When you have done something that you should feel proud of as a business, don’t shy away from taking the responsibility of the actions that led to this success. Celebrate them! 

It is equally important, when an employee or freelancer has achieved success for your business and boosted performance, to give them credit where it is due. This will build up positive relationships within your team.


Putting your hands up and accepting when you get it wrong

It is essential that when you have got something wrong, that you put your hand up and accept responsibility for it.

The most important part of when performance is bad; is the learning curve that follows. But first, we have to take responsibility of the actions that led to the bad performance before we can then move on to find a way to benefit from the lessons.

Take note of what went so wrong, and why.  Make sure that you have genuinely learnt from the situation and taken action to make sure it never happens again. 

If you need to, go back and put in place a system that triple checks, update your team training, take time out to reflect on how you can put safeguards in and improve your business.  It is only by learning from it, you can ensure that the same mistakes are not repeated.

If an employee, or freelancer is the one accountable for the mistake, consider creating some standard operating procedures (SOPs) or simple training around how the mistake occurred. This is a great way to help your business to grow and evolve, learning from their downfalls and bad performances. It is important to always look for that silver lining.


Always looking for ways to improve

Running a successful business relies on growth and flexibility. You should always look for ways to improve how your business runs and the results that it gets. A way to do this is to constantly learn, whether this is from a business coach and mentor or from an online course. No amount of knowledge is ever enough; there are always new things to learn when it comes to running a business.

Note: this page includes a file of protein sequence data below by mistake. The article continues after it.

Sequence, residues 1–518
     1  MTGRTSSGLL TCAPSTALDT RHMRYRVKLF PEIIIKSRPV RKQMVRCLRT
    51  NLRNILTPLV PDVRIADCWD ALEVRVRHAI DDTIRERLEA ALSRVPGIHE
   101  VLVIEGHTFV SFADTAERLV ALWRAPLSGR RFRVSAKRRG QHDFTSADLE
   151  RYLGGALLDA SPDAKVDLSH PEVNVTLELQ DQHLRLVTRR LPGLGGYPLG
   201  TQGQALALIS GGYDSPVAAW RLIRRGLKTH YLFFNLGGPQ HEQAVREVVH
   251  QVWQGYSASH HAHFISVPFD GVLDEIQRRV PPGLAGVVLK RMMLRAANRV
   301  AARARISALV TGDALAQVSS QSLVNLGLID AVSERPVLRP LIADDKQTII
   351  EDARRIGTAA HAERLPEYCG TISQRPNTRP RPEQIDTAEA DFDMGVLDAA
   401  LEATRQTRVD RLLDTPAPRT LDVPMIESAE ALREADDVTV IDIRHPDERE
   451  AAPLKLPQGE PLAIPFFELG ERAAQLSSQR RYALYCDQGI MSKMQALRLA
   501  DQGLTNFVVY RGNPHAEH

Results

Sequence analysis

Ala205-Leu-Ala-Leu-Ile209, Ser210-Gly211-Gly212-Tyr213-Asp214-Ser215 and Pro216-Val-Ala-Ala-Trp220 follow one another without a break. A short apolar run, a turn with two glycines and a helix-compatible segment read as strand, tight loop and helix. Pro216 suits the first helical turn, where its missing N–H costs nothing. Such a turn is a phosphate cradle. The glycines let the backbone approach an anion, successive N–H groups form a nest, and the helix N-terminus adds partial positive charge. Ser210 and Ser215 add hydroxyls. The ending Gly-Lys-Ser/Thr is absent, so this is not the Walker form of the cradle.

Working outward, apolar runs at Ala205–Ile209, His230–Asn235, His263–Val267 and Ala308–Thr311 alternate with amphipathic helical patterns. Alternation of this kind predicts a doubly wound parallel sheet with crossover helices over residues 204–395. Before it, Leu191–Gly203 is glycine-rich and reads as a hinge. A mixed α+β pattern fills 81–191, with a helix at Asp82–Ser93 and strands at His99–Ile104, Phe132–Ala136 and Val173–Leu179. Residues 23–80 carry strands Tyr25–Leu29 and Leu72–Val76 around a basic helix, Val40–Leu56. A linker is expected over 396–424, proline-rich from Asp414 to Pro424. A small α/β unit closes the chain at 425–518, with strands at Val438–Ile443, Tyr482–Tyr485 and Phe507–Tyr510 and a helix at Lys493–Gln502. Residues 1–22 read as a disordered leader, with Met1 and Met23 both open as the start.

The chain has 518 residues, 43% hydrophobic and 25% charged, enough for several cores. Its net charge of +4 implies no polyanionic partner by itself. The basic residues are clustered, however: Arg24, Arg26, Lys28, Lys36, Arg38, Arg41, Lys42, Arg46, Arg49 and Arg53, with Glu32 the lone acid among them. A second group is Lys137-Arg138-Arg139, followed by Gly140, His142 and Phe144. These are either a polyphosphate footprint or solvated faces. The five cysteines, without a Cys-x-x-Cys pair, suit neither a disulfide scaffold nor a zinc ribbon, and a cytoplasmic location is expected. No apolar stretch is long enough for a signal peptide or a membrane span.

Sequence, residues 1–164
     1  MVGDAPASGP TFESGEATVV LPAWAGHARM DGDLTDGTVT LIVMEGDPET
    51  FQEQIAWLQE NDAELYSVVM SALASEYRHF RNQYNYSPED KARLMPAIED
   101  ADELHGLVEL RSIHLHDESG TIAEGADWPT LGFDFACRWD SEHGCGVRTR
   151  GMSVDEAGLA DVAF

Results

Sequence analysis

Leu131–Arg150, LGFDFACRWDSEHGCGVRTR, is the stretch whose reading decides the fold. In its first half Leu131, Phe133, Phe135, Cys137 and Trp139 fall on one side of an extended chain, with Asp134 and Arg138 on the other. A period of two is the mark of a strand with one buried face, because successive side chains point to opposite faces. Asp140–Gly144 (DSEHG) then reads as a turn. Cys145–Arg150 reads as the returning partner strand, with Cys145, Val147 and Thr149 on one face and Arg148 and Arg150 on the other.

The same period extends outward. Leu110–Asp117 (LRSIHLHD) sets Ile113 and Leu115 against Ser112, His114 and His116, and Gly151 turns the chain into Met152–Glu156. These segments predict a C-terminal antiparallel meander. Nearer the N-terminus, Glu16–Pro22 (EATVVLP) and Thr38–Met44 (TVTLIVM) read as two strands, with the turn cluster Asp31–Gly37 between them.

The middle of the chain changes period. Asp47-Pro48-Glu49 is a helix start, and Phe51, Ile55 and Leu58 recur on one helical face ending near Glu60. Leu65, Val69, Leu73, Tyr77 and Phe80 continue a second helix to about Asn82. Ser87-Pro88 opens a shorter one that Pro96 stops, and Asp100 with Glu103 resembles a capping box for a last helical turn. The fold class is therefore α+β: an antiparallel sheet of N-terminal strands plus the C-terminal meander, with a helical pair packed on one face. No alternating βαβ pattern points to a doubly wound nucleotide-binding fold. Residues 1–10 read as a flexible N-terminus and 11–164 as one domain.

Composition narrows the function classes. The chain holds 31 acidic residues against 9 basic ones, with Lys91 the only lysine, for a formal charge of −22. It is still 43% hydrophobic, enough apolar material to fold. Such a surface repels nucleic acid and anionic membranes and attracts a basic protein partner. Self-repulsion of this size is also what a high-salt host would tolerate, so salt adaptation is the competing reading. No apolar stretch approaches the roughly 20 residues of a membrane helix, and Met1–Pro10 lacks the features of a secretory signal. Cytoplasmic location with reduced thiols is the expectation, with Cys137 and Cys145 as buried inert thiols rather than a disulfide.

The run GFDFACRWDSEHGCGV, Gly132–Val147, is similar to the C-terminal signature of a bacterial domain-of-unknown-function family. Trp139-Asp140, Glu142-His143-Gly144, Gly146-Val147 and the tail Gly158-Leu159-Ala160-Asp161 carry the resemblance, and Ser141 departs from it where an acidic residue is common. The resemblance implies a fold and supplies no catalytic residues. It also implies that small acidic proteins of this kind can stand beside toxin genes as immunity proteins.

Make It Happen In Your Business

Keep accountable for your actions and always take responsibility where needed. Lead by example and in a way that showcases your business in the most positive light. You can take the credit when success arises and performance is good, but equally take responsibility and own the consequences when things go wrong. 

Take the right steps to ensure that you are genuinely taking responsibility for your business’ performance and learning and improving along the way . This needs to be happening all of the time and is a constant self improvement process.


Next Steps:

  • Reflect on whether you really do take full responsibility for your business and the results you have created to date.   
  • If the business results you have are not what you had hoped for, do you genuinely acknowledge this is down to you as the business owner and no one else?  or are you still blaming "the economy" or a competitor? 
  • Remember that as a owner of a product business, you make the decisions and you live by them.  The good news is that if you are not getting the results you want you can make a different decision and try a new path or take your company in a different direction.  This is always your choice and in YOUR power. 
  • Consider if having support from a business coach would help make you more accountable for your business performance.  Would having to check in with an independent business advisor mean that you would show up in your business differently?